“The situation is really terrible,” said a mother of four interviewed in the storied Hamidiyah shopping arcade in Damascus’ Old City, where Roman colonnades vie with Ottoman-era arches in a stunning tableau. “For a set of clothes for my kids, I pay twice as much as I did last year.”
The city did take on a festive air as many broke their daylong fasts in the final week of Ramadan. Resilient Damascenes flocked to the stalls of the Old City and to shopping areas such as Old Bridge Street and Hamra Street. The war has mostly spared the capital, affording an air of normality — except for the occasional rebel mortar strike or car bomb, and the ubiquitous military checkpoints.
People have managed to enjoy some modest luxuries. Fragrance shops selling homemade perfumes were enjoying a brisk trade. And business was booming at one of the Old City’s signature establishments, the Bakdash ice cream parlor, where cream is churned by hand and pounded before pistachio and other delights are added.
“Here, it’s business as usual,” said Abu Mazen, shearing off scoops from frozen vats and smearing the delicacy on cones as he has for 20 years.
Many shop owners expressed sympathy for their hard-pressed customers, even as they try to cope with higher prices and reduced sales.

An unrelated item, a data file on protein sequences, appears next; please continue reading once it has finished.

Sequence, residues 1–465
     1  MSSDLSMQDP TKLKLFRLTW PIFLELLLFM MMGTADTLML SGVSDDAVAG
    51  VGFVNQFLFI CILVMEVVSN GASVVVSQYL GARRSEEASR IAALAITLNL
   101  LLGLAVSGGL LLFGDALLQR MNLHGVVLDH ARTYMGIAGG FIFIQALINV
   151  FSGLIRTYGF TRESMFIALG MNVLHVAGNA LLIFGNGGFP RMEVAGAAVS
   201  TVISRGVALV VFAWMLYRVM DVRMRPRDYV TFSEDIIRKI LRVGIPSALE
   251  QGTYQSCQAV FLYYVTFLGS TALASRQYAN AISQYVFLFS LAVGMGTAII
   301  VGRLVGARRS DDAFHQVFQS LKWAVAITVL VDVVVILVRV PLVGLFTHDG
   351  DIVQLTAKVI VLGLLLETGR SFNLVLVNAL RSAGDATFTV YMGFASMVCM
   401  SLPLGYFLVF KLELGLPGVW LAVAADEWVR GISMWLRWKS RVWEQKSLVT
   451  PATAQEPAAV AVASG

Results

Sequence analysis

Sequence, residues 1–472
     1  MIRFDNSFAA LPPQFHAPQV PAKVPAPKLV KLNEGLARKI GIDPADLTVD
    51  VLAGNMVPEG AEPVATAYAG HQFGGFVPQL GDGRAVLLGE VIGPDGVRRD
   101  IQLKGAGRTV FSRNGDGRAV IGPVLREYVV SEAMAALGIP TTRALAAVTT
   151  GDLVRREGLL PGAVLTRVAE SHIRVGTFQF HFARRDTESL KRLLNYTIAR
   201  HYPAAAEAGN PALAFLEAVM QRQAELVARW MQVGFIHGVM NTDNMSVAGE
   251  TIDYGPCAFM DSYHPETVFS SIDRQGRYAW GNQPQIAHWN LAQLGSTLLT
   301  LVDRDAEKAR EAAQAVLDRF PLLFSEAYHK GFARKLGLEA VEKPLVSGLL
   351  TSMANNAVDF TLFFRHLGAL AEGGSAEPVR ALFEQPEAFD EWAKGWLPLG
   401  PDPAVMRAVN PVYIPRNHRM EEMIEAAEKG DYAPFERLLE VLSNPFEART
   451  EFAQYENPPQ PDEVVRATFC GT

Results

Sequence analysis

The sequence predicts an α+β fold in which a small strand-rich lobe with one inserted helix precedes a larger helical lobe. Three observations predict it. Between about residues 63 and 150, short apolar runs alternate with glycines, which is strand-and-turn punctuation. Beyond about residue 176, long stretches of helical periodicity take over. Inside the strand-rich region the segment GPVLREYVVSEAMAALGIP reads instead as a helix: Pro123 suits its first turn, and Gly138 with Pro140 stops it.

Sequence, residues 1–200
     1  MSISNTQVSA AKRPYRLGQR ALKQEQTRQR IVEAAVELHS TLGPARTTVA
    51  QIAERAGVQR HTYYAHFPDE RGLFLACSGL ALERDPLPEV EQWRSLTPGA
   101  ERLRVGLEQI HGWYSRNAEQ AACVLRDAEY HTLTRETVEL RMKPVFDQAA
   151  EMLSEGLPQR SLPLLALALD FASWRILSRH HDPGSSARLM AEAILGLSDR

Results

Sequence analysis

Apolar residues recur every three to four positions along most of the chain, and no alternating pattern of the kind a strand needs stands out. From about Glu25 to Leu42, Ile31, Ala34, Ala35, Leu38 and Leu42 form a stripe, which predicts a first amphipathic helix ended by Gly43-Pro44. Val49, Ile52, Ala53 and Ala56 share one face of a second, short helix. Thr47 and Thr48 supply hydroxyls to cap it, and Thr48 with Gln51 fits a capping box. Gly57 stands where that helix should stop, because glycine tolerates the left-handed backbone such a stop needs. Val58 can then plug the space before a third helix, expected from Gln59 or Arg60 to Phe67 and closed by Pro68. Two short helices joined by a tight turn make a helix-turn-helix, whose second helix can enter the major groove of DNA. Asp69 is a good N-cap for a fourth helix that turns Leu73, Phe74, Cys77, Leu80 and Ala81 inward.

“We’re selling essentials like rice and pasta at cost,” said Muayad Baka, who owns a well-stocked grocery and spice store in the bustling Bab al Jabiyah souk in the Old City. “Some people have lost their morals and try to make extra profit. This is very troubling. I worry about what is happening to us Syrians.”
As he spoke, a woman broke in with her own tale of woe. Her 6-year-old son had been diagnosed with Hodgkin’s disease, and she had to transport the boy daily on a perilous trek from her flat in the Old City to a clinic in Harasta, a Damascus suburb that is a battleground for government troops and rebels.
“We are all suffering from higher prices, but it’s not the worst thing,” said the woman, dressed in a full black robe and sunglasses. “What about all those who have lost loved ones and their homes?”
Next door, business seemed steady at a used clothing shop stocked with shirts, slacks and jackets, mostly of the polyester persuasion, shipped in containers from North America via Lebanon.
“To be honest, we are giving stuff away now,” said the proprietor, Abu Mahmoud, a thin, jovial man with a baritone voice who was decked out in a track suit and sneakers and taking drags from his cigarette.
Outside the majestic Umayyad Mosque, formerly the site of a Roman-era Temple of Jupiter and the basilica of St. John the Baptist, a group of young volunteers organized a communal kitchen to feed thousands each evening during Ramadan. Cooks prepared huge pots of rice and chicken to be distributed at area mosques.
“So many people are hungry,” said Angela Battah, 20, a university student pursuing tourism studies. “This has nothing to do with politics. We are all Syrians.”
At the exchange house, time was running out for Abu Mohammed, who said he had been waiting eight hours to exchange his Syrian pounds for $350, the legal limit.
The hotel clerk said he and co-workers hadn’t been paid in six months, a not-uncommon complaint here. “The owner told us, ‘If you don’t like it, find another job,’” said Abu Mohammed, who is 25 and single and studies law on the side.
He and his colleagues survive on tips, he said. “If we’re lucky, they tip us in dollars.”